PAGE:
"How do we normalize our social behavior in a way that is safe and not being too cautious where we're missing the opportunity to be together?" says Margaret Aldrich, M.D., a pediatric infectious disease specialist at the Children's Hospital at Montefiore. "However, we're also balancing the fact that [the pandemic] is not totally gone yet, and that we do need to continue some modifications."

Moving gatherings outdoors and masking when inside are still recommended. For kids' birthdays choose activities that keep the guests more spaced out instead of clumped together, says Dr. Aldrich, and ensure good ventilation even outside.

Consider COVID-19 cases in your community

The JAMA paper showed an increase in household infections in all communities except those with the lowest case rates (which were used as a control). However, the increase in infections was bigger in areas with higher case rates: 8.6 extra cases per 10,000 people in the tenth decile compared to .9 extra cases per 10,000 people in the fifth decile. Put simply, the more coronavirus in a community, the riskier any social gathering, including a birthday party, will be. 

Thus, areas with higher case rates and low vaccination rates may warrant stricter policies than places with fewer cases and more vaccinated residents.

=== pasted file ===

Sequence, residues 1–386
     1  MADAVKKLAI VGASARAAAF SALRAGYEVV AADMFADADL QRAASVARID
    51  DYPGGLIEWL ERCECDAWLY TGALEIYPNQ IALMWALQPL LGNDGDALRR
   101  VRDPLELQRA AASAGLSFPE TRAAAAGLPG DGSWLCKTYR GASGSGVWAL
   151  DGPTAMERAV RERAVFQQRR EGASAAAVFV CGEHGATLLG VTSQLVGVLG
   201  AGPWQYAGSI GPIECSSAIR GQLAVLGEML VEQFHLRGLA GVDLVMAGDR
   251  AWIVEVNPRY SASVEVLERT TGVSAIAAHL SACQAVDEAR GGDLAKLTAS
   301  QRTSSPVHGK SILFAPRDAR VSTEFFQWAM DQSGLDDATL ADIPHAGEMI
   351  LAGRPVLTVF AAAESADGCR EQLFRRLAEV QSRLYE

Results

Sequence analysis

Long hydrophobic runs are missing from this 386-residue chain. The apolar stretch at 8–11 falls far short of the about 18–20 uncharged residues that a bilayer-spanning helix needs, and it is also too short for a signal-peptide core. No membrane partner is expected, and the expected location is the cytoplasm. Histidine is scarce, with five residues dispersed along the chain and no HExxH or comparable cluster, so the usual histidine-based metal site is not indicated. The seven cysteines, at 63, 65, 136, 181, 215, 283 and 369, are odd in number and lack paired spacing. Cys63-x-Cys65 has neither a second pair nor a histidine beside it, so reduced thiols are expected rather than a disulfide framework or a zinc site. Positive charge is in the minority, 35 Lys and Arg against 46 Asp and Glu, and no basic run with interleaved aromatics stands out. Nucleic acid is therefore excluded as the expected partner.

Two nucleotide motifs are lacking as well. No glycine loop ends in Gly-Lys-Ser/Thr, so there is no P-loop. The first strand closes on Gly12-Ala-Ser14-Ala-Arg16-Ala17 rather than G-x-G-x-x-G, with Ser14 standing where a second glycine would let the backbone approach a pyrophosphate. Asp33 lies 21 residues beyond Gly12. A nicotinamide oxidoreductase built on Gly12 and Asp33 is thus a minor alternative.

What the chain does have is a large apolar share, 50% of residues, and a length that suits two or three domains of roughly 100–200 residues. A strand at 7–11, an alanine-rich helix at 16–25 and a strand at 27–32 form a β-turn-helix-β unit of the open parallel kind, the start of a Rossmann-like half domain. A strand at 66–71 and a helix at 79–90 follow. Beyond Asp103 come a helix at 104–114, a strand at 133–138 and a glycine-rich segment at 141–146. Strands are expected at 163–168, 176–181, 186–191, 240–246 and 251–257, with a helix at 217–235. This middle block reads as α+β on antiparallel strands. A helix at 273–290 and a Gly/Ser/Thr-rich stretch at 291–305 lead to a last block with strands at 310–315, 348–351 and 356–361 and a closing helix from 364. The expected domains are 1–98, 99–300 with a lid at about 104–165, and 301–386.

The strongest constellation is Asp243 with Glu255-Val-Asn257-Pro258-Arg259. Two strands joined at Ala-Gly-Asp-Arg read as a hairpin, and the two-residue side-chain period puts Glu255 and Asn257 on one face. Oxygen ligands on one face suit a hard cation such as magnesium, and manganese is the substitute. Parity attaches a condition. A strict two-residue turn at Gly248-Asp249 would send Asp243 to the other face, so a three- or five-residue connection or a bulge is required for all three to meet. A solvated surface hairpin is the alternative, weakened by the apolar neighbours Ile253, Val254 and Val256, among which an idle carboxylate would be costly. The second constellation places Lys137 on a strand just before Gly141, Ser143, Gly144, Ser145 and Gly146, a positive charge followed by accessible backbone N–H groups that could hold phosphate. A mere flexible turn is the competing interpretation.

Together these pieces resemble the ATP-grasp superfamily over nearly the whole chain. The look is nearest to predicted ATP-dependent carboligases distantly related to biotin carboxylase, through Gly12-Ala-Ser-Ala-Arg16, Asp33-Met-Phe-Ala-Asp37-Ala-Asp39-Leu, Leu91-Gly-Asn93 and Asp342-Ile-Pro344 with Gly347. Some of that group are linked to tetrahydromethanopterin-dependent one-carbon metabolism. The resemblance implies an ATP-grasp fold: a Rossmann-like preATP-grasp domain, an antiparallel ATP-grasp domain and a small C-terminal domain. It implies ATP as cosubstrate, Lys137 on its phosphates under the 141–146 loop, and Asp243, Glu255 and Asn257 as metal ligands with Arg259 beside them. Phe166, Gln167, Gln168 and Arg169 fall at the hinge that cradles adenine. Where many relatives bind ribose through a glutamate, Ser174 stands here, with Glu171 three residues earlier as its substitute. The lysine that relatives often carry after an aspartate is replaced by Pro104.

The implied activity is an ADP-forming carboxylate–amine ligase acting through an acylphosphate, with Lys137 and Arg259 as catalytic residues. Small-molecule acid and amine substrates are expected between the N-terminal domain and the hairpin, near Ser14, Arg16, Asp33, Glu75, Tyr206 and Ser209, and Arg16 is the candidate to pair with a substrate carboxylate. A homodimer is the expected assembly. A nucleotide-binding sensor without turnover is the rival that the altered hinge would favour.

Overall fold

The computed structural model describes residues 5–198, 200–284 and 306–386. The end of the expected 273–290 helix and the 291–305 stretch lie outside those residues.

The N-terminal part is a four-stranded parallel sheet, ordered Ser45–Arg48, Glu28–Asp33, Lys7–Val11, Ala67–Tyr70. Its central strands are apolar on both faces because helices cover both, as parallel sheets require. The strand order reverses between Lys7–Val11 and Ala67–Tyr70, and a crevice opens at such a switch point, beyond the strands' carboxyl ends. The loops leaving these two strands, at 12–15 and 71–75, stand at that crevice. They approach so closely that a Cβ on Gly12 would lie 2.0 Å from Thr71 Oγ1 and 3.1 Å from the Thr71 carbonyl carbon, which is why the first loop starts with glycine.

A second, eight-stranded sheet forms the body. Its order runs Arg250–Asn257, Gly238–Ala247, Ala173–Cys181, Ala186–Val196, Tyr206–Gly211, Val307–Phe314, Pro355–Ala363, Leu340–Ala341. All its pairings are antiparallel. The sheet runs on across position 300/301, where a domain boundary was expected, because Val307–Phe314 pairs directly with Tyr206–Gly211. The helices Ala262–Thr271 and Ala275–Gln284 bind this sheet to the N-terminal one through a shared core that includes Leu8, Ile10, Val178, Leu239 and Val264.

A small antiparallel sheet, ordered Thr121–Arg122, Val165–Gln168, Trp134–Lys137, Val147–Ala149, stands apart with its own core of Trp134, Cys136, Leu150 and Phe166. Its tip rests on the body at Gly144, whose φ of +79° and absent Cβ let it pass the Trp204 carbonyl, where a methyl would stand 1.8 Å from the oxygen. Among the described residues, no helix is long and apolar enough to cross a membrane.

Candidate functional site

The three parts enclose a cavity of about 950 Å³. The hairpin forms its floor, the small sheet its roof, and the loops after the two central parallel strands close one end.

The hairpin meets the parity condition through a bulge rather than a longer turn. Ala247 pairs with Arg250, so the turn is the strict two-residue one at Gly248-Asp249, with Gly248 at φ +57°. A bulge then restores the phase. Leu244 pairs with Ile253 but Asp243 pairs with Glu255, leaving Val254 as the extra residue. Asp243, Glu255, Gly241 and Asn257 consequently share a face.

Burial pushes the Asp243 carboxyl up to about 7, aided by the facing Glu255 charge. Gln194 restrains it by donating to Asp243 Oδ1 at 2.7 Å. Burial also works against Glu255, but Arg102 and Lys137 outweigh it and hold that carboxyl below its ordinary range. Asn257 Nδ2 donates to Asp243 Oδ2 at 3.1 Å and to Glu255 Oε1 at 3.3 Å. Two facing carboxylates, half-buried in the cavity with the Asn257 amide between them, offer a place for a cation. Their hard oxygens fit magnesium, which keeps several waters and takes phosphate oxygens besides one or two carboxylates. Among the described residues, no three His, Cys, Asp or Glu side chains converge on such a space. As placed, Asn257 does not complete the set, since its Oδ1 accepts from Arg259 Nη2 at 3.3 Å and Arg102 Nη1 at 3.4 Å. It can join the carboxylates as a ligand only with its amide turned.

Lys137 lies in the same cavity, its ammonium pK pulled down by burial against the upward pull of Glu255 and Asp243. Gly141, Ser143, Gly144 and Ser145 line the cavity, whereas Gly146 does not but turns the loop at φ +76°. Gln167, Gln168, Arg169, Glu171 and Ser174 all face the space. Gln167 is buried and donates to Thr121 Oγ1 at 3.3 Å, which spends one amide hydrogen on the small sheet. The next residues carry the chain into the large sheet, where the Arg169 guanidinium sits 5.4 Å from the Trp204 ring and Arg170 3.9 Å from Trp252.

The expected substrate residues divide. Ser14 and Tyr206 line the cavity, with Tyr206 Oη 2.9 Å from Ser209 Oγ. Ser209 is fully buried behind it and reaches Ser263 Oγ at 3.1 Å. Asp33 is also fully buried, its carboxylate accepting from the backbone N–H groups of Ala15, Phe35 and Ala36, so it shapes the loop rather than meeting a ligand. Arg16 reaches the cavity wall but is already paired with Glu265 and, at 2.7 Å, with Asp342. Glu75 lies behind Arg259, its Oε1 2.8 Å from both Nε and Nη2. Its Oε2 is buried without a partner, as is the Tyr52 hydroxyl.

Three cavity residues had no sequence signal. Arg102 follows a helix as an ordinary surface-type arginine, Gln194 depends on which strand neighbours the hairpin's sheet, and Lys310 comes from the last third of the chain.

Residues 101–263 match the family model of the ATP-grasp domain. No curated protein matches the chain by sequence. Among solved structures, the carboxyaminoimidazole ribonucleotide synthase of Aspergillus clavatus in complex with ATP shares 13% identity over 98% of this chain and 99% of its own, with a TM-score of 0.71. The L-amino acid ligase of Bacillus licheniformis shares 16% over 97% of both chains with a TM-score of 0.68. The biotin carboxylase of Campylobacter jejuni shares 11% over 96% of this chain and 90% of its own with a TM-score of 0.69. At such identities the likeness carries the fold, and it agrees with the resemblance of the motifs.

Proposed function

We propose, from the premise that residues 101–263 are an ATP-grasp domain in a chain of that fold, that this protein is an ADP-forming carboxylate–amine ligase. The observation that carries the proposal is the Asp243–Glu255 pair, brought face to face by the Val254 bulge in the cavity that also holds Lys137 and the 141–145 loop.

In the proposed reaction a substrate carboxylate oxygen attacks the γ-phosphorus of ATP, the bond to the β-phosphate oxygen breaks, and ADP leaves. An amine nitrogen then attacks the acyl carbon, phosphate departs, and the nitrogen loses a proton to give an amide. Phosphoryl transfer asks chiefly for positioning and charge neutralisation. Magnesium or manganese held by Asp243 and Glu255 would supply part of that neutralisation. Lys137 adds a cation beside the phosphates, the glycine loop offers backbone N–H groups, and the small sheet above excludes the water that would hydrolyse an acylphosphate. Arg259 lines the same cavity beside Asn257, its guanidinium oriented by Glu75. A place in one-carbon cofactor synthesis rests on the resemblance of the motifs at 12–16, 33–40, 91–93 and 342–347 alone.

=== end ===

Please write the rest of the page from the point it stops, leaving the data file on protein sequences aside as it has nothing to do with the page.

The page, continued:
Dr. Aldrich says that she focuses on the test positivity rate to guide her hospital's policies. If it raises toward 5 percent, that's when more masking and limiting interaction needs to happen. Currently, the prevalence rate in New York City, where Dr. Aldrich works, is less than 1 percent, so the risk of any one person having COVID-19 is low.

The Bottom Line  

If you're planning a birthday party, or any social gathering that includes unvaccinated people, standard COVID-19 mitigation measures are still important to consider, especially true if you live in an area with a high prevalence rate. Moving activities outside, staying socially distant from other households, wearing masks when indoors, and making the guest list smaller all reduce the risk of contracting COVID-19.

Always check the vaccination rate in your community, and get yourself and your family members vaccinated if they're eligible. "Even with new variants, like the Delta variant, we see less severe disease, we see less transmission of disease within that community or those communities that have higher vaccination rates," Dr. Aldrich says.